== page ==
Talking with Children about Divorce
Among the first questions parents must answer in a separation or divorce are how, when, and what to tell their children. Because telling children may be painful, parents could be tempted to delay this task. It is usually better for children, however, to know about the decision immediately, and before a parent moves. The way this information is presented can set the tone for a child’s response. If possible, both parents should tell each of their children about the divorce at the same time.
Although individual response may vary, parents need to know that children will be anxious and worried about what this situation means. They need to think about several questions.
What do children need to know?
- They did not cause the divorce.
- Neither parent is rejecting them.
- They still have a family even though their parents will no longer be married.
- Their parents will love them forever, even though their feelings for each other have changed.
- Their parents will continue to take care of them.
- There is a reason for the divorce. Parents should agree on an explanation in advance, remembering that too many details may confuse children.
- Some things will stay the same and others will change. Common questions children might ask are who will they live with, when will they see the other parent and family members such as grandparents, and where will they go to school.
What don’t children need to know?
- Unless the other parent is a genuine threat, children shouldn’t know anything that might negatively affect that relationship. Parents need to be truthful with their children, but should avoid discussing issues such as money or extramarital affairs with them.
What do children worry about?
- Children worry about the parent who is leaving: Where will Dad live? How will Mom manage? Will Dad be safe? Will Mom be comfortable and happy?
- Children worry that they will be forced to take sides by their parents, grandparents, or other family members
- Children worry that they will have to choose one parent over the other.
- Children worry about how family occasions such as birthdays and holidays will be celebrated.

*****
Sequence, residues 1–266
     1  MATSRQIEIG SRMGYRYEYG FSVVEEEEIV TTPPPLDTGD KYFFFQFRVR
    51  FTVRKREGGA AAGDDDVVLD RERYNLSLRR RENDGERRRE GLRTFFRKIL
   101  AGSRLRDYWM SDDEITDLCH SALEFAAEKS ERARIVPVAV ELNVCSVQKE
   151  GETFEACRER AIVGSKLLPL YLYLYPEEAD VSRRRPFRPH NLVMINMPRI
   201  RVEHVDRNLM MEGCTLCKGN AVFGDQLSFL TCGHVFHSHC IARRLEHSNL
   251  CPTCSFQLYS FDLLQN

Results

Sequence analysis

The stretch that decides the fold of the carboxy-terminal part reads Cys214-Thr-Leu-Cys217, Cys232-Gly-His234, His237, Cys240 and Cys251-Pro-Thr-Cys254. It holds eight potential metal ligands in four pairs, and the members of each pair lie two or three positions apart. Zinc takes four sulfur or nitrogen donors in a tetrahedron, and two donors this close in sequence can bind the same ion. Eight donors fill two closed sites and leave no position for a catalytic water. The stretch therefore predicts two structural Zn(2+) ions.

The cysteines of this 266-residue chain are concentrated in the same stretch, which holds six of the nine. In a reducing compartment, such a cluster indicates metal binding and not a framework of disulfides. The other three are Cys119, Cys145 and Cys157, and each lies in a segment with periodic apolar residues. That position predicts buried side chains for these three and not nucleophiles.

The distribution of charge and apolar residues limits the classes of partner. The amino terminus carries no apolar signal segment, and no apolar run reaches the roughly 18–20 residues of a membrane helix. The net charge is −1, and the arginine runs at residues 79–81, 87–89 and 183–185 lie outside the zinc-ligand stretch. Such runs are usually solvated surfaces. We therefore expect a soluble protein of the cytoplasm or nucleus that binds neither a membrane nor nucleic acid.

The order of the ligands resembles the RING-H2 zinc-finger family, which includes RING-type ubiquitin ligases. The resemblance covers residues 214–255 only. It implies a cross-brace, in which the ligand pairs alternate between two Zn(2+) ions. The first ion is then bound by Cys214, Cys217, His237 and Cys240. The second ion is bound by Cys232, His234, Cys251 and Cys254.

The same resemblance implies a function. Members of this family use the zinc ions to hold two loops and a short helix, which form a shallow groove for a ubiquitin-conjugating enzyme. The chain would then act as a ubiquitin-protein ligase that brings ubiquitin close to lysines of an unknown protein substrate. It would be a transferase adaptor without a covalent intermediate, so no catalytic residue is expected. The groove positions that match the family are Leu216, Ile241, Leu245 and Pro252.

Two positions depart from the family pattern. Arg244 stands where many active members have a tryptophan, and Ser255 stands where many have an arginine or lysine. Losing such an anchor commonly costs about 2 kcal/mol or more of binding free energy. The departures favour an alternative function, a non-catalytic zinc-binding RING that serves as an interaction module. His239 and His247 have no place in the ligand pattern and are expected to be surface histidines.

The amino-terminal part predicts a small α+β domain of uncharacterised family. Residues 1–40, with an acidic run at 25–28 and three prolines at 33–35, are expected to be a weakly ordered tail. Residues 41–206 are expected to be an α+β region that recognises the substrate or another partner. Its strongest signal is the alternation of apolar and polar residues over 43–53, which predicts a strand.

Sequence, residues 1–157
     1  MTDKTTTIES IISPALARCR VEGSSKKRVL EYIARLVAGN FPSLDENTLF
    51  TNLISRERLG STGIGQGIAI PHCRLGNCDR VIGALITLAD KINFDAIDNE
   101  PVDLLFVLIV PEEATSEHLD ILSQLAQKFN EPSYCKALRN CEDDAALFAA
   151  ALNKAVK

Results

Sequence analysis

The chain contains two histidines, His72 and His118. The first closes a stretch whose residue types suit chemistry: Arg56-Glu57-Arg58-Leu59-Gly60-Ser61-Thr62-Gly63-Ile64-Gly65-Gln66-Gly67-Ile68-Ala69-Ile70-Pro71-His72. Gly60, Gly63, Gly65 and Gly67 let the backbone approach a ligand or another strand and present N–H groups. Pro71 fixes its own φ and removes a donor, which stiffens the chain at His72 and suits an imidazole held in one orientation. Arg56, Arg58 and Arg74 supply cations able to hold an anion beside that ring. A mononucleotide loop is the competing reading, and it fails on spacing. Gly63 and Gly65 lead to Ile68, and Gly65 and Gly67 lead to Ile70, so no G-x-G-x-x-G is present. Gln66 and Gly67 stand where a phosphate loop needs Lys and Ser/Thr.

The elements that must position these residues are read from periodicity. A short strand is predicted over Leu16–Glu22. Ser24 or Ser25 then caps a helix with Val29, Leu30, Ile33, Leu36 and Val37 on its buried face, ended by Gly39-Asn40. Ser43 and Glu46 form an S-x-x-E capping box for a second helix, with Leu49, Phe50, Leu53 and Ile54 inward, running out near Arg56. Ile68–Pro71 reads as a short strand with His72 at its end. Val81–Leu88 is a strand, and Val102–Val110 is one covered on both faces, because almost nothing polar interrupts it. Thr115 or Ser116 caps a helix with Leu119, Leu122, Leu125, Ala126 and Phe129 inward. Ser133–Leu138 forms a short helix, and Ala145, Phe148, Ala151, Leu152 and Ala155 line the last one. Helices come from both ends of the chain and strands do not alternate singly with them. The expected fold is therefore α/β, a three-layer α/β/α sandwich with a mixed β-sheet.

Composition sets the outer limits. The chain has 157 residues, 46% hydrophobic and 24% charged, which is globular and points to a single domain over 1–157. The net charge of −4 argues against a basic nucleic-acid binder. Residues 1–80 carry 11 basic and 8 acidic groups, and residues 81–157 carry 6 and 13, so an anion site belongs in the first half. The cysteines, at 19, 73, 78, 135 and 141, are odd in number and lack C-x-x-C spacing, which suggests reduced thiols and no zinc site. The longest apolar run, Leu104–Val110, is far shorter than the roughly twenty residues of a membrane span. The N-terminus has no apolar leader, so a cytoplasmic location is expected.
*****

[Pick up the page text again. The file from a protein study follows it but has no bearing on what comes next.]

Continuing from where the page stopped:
- Children worry about disrupted routines. Who will take care of them when they’re sick? Who will take them to soccer practice or piano lessons? Who will sign their report cards?
Parents should ask their children what they are worried about, recognizing that children might not be able to identify their concerns initially.
What can parents do to reassure children?
- Once parents have identified their children’s concerns, they should try to respond honestly to them.
- Important decisions such as living arrangements should be shared as soon as they are made.
- Children need to know their parents will consider their feelings when making important decisions.
- Because divorce is upsetting to everyone, they need to assure their children that things will work out and life will improve.
How can parents help children during a divorce?
Following is a list of ways you can help your children survive your divorce. Check off the ones you have done and circle the ones you plan to do.
- Assure your children that the divorce was not their fault.
- Assure your children that both parents love them.
- Tell your children that it’s OK to feel sad because they miss their other parent.
- Maintain the individual relationships you have with each of your children. Encourage the other parent to do the same.
- Stick to a daily routine with your children.